I never did an #introduction, so here goes:
• I like #ObjC and am the developer of @ObjFW
• I'm interested in obscure CPU architectures and *enjoy* writing assembly for them (weirdest in my collection are #Itanium, #PARISC and #SH4 🙂)
• I'm into obscure OSes (e.g. #MorphOS)
• I collect retro hardware
• I am an #XMPP advocate (decentralized & federated like Mastodon!)
• I mostly use #macOS :apple_inc:, @openbsd and #NetBSD :netbsd: as a daily OS
• I am also a @haiku 🍃 developer
@kaniini Ugh, I saw that Audacious is now using Meson. Seriously?!
"Veneto’s regional council rejected a plan to combat climate change minutes before its offices on the Grand Canal, in Venice, were flooded"
Linus Torvalds: Git is a distributed version control system, which means even if you lose a remote, you still have your local copy, so your code is safe, unlike centralized VCSes.
Developer Community: wut?
Microsoft: Hmm. How about you use our Visual Studio Online and push it to GitHub, both hosted on our computers, so that you don't have a local copy?
Developer Community: Yaay! Such innovation! Very cloud! Much wow! 🎉
Trump: Thou shall not use US services.
Developers: Where's my code? 😭
I wonder what percentage of #Linux developers realize their choices not only affect different init systems on Linux, but also the BSDs: https://lwn.net/SubscriberLink/804254/71240d6b83844653/
Version 1.0.0 of XEP-0423 (XMPP Compliance Suites 2020) has been released.
"There is a growing number of XMPP Extension Protocols (XEPs) that provide different building blocks for XMPP-based applications. XMPP software developers are confronted with the challenge of finding the right combination of XEPs for a given application profile. Users need a way to compare applications without resorting to comparing for individual XEP numbers."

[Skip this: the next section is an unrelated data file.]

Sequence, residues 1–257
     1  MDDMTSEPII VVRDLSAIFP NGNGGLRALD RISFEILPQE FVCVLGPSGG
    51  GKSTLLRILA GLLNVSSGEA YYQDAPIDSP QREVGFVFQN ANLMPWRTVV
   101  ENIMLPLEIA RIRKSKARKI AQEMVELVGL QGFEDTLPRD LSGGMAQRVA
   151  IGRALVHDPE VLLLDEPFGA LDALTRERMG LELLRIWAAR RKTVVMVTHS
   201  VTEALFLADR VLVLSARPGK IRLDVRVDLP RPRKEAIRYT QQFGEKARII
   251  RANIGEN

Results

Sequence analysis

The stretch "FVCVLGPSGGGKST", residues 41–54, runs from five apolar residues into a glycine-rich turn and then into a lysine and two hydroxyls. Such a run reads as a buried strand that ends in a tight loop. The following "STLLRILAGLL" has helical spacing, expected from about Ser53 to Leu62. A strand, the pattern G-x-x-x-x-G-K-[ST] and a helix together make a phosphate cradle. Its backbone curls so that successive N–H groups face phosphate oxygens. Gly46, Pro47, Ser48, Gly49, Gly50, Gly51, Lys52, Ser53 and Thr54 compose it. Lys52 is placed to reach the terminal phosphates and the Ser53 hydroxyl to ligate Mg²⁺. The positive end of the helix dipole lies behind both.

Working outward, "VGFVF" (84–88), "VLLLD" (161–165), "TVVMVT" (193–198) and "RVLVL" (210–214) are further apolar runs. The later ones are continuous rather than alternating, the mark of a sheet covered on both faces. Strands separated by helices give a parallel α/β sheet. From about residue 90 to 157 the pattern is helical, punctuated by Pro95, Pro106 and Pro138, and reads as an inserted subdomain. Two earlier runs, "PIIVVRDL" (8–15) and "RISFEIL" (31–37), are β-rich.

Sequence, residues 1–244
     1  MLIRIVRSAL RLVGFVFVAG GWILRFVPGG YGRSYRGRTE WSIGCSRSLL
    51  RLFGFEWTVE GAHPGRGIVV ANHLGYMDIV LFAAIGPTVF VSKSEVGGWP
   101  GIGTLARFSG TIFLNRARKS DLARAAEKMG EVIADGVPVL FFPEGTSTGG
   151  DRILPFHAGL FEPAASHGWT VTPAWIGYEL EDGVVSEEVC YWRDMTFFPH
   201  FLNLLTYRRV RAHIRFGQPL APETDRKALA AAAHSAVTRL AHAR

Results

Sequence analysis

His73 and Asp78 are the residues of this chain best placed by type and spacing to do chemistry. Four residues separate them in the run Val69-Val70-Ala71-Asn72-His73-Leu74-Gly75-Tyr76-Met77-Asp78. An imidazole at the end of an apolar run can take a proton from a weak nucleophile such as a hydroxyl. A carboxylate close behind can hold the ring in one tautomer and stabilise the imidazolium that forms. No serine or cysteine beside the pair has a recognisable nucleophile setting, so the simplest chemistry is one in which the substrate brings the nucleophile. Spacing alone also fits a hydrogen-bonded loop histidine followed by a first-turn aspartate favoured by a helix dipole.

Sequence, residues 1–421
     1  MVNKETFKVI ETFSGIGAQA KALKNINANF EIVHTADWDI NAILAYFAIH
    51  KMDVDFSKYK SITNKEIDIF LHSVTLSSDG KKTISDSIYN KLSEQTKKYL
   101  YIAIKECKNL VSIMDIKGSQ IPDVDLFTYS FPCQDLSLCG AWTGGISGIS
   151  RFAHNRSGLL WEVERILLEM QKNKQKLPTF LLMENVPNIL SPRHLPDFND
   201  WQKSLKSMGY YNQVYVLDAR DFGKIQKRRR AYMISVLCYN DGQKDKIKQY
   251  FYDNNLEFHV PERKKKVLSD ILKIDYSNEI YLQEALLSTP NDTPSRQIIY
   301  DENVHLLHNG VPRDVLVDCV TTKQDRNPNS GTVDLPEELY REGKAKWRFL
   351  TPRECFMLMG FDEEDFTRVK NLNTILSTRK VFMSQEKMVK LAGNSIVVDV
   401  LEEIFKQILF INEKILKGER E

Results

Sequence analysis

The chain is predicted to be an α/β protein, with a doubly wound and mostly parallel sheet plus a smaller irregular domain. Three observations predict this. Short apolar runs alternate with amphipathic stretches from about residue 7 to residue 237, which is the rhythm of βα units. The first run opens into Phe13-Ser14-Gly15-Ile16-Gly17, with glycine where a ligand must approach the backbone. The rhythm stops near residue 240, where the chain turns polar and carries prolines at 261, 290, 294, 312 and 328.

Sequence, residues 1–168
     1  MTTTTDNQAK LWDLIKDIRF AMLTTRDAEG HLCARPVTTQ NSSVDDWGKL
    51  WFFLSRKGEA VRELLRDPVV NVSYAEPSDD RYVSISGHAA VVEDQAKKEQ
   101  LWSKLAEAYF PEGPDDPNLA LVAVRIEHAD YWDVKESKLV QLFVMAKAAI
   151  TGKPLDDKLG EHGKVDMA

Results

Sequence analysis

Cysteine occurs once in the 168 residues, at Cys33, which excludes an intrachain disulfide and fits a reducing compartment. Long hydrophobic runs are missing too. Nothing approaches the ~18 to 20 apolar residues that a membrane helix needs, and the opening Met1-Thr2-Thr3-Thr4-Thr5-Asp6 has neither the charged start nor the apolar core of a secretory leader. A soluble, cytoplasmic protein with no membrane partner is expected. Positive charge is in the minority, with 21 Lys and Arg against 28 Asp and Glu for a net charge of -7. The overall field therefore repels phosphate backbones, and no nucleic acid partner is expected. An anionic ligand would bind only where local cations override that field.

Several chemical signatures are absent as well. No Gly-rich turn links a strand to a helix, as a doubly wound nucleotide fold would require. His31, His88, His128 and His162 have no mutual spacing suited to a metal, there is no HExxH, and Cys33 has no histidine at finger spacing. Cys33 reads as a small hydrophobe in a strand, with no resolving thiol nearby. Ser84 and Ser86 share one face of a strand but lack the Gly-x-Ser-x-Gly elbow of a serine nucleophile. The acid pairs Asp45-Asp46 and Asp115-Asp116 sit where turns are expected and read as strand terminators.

Extremely cursed thread "Falsehoods CS Students (Still) Believe Upon Graduating"
you do not want heap fragmentation
if you get heap fragmentation then if you allocate, say, 16mb of memory, even if you have 32mb free, you might not be able to allocate it because those 32mb are broken up all over the place
this is why those allocated blocks are able to move at any time - so the os can rearrange things and allocate those bigger blocks
but having locked blocks prevents that
also the place where the pointers are stored? that's yours to deal with too. those are always locked, you start with 64 and 64 more are allocated when you need them, but they're in locked blocks that will almost certainly cause heap fragmentation, so if you want to avoid that you need to manually manage allocating those in low memory as early as possible in your program
you dont get the luxury of malloc and family on a classic mac, oh no
you dont get any function to call that will just give you a pointer to a nice block of memory
you want memory? you get a pointer to a pointer to a block of memory. that block of memory can change at *any* time and you have to always dereference the pointer to the pointer to it.
you can lock the location of a block, but that can lead to heap fragmentation unless you do a bunch of stuff to manually manage the *location* of your memory
That weird dude with the mission to make sure Objective-C works on every platform this planet invented.
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